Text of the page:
Tuesday, September 2, 2014

Seattle and Olympic National Park


Fast elevator: the trip up takes about 45 seconds.
Turns out, it does not rain continuously in Northwest Washington state! We had eight sunny days at the end of August.

The Space Needle, built as the centerpiece for the 1962 World's Fair, is a must-see. The day we visited was crystal clear and the view from atop the 605 foot structure was spectacular, although Mount Rainier was not visible. Luckily, no swaying as it did during the Great Alaska Earthquake of 1964.
Great view

Great tour guide

We took an interesting tour of Seattle's Underground. We explored old sidewalks one story below the current ones. To make a long story short, Seattle's "ground" level was raised one story after a major fire in 1889. This was done to prevent flooding and sewer backups during high tide. Walking in this underworld, you can see the original first floor (now the basement) of several buildings and look up through skylights in the current sidewalks made of small pieces of glass.



It seems everyone visits the Pike Place Market. Even if you buy nothing, and it is nearly impossible not to, the people watching is outstanding.


The Japanese Garden

Washington Park provides access to Lake Washington and hosts a beautiful arboretum maintained by the University of Washington.
A friendly place

We spent an enjoyable hour or two at this old saloon at Pioneer Square on our last evening in town. Great bartenders. Also on our last night, we stayed at a hotel near Sea-Tac Airport, which is a distance from downtown Seattle.  We took the light rail from the airport to Chinatown.

That was a big tree
Olympic National Park

The temperate rain forest was a "bucket list" item, and it was nice to visit it on a sunny day! Unlike tropical rain forests, which consist mostly of deciduous trees, this forest is primarily coniferous: Sitka spruce, Douglas fir, western hemlock. A few glorious big leaf maples can also be found.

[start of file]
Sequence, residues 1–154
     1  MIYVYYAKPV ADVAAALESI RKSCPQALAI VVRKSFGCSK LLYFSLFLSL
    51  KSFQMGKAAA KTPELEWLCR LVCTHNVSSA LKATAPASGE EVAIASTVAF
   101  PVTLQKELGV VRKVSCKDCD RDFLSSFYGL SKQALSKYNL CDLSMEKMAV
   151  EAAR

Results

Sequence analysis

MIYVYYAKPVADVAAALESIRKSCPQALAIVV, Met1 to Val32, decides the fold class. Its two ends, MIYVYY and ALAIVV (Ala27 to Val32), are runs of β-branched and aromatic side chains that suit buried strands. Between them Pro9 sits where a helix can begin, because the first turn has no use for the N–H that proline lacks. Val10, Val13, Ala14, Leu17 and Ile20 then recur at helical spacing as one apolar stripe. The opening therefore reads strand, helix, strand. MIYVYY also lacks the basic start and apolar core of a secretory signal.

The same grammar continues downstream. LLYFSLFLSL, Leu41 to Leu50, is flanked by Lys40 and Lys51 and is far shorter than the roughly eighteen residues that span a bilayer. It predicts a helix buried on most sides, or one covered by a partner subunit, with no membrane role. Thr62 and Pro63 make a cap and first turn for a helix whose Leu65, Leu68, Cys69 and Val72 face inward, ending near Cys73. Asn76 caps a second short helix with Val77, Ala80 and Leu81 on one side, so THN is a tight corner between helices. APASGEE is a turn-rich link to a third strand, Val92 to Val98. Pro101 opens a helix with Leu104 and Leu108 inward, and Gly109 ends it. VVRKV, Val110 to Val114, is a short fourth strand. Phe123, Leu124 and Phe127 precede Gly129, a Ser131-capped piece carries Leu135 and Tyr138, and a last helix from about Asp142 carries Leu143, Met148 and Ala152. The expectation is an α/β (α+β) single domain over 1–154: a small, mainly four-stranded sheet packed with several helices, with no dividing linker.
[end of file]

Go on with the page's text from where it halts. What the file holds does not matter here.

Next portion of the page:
Almost tame

Why is there a rain forest? Because the mountains on the Olympic peninsula block the cold Canadian air sweeping down in the winter. Warm wet air comes up the coast from California.

We met this black-tailed deer on a spectacular hike at Hurricane Ridge.  Our presence was only a minor annoyance to him.

Mount Olympus, 7980 feet
Sea stacks, fog, and gray sand at La Push on the Pacific coast.

Hurricane Ridge was also our vantage point for viewing the several active glaciers near the summit of Mount Olympus. (Zeus does not reside here.)

A separate section of the National Park along the Pacific coast provides a mystical scene and cool temperatures. Signs warn of Tsunami danger.

Port Angeles and Port Townsend

View of Port Angeles

To visit the park, we stayed at the Quality Inn in Port Angeles, which is on top of a bluff giving a great view of downtown, the Strait of Juan de Fuca and Canada beyond. A staircase connects top and bottom right outside the hotel, which was convenient.

Lumber is king here. There is a constant stream of logging trucks in and out of town. There is also a ferry to the city of Victoria, Canada, just across the Strait, that leaves several times a day.

The Lake Crescent Lodge

We went swimming one day at Lake Crescent, an absolutely beautiful lake in the park, and had lunch at the Lake Crescent Lodge.

Port Townsend was our last port of call. It's a charming city with a lot of Victorian architecture. It's more upscale than Port Angeles, with a lot of shopping and restaurants on the waterfront. And be sure to visit Fort Worden Park, with its beach and lighthouse.

Port Townsend

Sunday, February 2, 2014

Las Vegas and Death Valley

We left Rhode Island on Southwest Air, an early morning flight to Chicago then on to Las Vegas. Both flights were packed, but arrived on time and with luggage.

The Las Vegas airport is not an experience to recommend. A walk plus tram ride to baggage claim, a huge place with hundreds of people trying to get their luggage. Then line up for a bus ride to the car rental building, line up again to see the person at the counter, who tries to get you to upgrade (no thanks) and tries to scare you into buying more insurance (again, no thanks).